‘And there was the move to Nexus — I thought it would be better, having moved, to do something different. It wouldn’t annoy CRL as much, for certain; and it would look a lot better, and yeah, I was bored with doing another Ceti game.

‘In fact, I’d got another one sketched out which was going to be a bit like Psytron, in that you were defending something. But I didn’t think I could make it different enough using the same sort of display, and I’d long wanted to do something with tunnels, cos there’s been a lot of things attempted but they haven’t quite worked, right back from New Gen’s 3D Tunnel.

‘There’s I, Of The Mask, which again looks stunning, but actually it was just a set of frames — it must have been because you couldn’t actually do anything lathe tunnels but go forward and back.’

Did Realtime’s Starstrike II help?

‘It gave me a few ideas, but it suffered awfully from being a subsection in a larger game. I looked at it and thought ‘The big problem is junctions’, and that’s what none of them had, cos you can’t do them that way. Drawing a tunnel is a doddle — it’s four lines converging to a vanishing point, and you just move it around. But branching tunnels is totally different, and I spent ages thinking about it.’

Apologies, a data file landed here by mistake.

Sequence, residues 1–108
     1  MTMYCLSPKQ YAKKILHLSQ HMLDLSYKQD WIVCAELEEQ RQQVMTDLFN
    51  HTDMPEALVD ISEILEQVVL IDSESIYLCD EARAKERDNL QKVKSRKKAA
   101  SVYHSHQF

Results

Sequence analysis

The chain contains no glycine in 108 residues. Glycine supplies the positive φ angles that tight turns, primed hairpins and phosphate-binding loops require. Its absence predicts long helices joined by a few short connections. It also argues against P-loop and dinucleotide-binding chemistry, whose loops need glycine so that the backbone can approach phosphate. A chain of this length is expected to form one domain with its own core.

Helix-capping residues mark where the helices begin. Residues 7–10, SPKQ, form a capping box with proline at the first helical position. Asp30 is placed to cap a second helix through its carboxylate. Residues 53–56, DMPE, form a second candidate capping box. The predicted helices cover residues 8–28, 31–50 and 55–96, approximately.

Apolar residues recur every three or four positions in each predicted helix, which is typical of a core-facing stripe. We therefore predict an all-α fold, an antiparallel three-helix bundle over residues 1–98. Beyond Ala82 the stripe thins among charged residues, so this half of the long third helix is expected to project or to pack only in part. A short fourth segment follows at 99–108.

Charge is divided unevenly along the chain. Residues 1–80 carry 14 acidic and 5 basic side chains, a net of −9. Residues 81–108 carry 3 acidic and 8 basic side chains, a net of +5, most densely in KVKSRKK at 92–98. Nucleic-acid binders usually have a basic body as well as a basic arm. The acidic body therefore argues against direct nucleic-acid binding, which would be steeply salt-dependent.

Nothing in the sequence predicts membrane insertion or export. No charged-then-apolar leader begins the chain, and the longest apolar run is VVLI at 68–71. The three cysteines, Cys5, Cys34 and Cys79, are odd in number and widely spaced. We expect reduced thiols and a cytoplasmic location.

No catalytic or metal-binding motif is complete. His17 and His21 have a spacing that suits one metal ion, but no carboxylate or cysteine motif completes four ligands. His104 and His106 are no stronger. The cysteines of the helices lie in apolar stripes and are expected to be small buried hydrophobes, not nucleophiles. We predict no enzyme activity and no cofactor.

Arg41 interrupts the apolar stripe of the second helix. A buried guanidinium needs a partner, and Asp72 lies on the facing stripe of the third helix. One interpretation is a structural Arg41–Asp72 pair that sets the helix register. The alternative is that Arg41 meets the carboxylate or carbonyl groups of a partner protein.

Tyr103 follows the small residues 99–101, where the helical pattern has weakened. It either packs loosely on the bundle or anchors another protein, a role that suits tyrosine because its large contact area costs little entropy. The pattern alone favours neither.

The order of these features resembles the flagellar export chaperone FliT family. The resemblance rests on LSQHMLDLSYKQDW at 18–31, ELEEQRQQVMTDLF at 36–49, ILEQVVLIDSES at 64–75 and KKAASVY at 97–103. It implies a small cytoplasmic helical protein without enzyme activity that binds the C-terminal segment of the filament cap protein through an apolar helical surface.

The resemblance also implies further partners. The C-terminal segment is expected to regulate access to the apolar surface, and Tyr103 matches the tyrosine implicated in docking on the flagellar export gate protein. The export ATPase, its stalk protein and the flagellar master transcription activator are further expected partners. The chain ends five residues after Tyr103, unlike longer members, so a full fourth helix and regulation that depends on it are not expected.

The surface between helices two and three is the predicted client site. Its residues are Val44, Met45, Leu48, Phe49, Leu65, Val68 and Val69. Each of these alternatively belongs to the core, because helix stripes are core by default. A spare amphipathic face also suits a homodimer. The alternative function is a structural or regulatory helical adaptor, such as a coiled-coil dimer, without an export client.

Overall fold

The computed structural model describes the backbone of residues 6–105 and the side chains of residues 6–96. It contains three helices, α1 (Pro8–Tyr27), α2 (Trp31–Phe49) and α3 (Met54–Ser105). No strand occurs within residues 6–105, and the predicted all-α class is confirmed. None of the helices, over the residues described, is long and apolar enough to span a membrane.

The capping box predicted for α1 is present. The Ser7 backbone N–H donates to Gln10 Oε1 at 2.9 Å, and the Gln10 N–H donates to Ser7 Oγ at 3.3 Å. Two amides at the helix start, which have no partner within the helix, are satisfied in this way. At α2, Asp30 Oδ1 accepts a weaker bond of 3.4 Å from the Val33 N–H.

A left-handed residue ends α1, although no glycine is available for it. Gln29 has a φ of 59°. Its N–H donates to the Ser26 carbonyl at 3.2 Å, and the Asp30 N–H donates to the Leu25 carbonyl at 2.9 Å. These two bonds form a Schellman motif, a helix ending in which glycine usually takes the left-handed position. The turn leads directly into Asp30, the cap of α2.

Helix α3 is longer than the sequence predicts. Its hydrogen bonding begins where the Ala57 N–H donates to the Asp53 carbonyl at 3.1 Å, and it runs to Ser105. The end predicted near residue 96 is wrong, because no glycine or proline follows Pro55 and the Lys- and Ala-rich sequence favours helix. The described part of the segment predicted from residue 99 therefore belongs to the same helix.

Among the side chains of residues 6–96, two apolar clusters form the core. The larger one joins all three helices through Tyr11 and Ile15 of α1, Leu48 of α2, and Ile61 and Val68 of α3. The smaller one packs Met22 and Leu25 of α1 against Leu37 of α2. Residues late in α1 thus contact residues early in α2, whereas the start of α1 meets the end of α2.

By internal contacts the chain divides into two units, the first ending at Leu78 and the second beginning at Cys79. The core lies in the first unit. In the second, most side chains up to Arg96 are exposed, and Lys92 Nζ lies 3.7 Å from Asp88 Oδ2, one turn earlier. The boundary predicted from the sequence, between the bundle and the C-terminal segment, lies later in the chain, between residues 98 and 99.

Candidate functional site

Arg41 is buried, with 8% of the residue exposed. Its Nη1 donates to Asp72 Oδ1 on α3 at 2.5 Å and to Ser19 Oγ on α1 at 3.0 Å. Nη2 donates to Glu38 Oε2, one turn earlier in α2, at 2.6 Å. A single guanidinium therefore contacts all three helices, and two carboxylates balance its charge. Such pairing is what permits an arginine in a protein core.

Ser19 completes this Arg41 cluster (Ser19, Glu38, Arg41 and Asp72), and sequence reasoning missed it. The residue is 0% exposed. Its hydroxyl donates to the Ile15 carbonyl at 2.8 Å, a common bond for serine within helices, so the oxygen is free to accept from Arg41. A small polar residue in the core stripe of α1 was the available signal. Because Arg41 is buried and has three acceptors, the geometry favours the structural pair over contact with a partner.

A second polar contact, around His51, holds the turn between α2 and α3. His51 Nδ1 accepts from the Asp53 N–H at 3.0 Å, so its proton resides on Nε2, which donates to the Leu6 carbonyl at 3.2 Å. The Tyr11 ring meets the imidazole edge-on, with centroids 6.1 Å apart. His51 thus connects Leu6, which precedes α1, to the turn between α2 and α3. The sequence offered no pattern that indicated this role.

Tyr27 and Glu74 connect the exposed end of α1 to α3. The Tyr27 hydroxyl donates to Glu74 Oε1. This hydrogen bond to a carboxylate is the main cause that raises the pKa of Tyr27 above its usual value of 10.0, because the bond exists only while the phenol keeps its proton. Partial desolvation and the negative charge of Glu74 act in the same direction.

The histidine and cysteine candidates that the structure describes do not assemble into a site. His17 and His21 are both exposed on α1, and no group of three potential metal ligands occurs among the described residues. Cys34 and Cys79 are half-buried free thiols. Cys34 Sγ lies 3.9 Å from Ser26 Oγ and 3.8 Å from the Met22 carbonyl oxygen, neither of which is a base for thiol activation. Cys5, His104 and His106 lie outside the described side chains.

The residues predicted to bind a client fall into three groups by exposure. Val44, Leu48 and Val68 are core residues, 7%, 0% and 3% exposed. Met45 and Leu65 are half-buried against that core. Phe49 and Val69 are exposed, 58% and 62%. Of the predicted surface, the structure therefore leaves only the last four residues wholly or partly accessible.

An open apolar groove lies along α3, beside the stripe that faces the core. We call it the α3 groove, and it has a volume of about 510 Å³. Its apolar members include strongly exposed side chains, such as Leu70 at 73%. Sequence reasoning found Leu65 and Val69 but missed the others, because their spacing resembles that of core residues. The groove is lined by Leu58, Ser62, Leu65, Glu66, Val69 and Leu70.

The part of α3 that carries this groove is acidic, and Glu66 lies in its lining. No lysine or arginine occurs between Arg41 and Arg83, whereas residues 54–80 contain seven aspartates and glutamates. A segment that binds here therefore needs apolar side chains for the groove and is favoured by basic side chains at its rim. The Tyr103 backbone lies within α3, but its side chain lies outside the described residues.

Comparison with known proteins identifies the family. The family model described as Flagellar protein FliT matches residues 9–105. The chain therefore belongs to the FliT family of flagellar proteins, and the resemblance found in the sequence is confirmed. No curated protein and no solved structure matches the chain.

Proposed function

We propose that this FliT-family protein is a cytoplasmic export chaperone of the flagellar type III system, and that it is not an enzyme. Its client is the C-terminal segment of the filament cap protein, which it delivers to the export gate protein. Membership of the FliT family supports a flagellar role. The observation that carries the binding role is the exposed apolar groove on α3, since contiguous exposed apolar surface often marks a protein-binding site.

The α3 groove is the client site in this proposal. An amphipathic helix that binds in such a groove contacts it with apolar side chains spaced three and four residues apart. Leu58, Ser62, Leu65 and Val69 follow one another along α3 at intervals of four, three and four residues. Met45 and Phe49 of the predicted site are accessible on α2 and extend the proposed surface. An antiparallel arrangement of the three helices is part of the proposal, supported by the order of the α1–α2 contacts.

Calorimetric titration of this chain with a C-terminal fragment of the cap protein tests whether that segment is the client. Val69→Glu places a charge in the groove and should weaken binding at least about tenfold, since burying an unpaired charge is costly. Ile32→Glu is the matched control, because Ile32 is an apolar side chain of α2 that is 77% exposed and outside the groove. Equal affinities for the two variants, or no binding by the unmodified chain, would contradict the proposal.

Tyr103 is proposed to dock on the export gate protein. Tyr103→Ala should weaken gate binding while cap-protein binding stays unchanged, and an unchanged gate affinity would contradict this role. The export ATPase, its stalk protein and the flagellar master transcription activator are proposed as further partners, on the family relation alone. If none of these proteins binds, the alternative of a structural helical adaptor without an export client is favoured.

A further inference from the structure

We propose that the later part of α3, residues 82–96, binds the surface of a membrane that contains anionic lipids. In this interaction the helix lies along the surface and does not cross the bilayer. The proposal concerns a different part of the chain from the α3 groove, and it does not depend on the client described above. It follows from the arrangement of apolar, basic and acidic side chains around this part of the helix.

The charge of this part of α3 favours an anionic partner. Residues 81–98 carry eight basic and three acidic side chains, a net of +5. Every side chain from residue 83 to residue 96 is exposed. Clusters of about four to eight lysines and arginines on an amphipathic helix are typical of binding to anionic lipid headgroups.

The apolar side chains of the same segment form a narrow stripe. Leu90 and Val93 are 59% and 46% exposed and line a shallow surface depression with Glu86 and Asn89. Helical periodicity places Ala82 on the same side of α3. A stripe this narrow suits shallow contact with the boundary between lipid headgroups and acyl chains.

Needless to say, Pete cracked it. Micronaut One’s routine has a list for the tunnels; it starts in the section you’re in and says ‘that’s the visible window at that tunnel’. Then, using what he describes as a ‘recursive descent’, it stacks that as the visible window of the screen and looks to the next two sections, gets two visible windows, and down it goes. By the time it gets to the far section it’s got a tiny window and then it clips all the lines to that window.

‘Effectively what happens,’ says Pete, ‘is that the program is doing hidden lines, but not having to actually draw solid surfaces — so it’s just lines, which means it can be very fast. I thought Starstrike II was too slow and too simple, and stuff like 3D Tunnel with attributes just didn’t work, so it had to be fast, and the way to do that isn’t to draw solid shapes all over the screen, but to find some way of working out which areas you can see and which you can’t, and just clip the line to it.

‘It looks about four sections ahead and then it simply stops. After about two sections it stops drawing the floor because that looks cluttered and horrible, you just get a black mess.’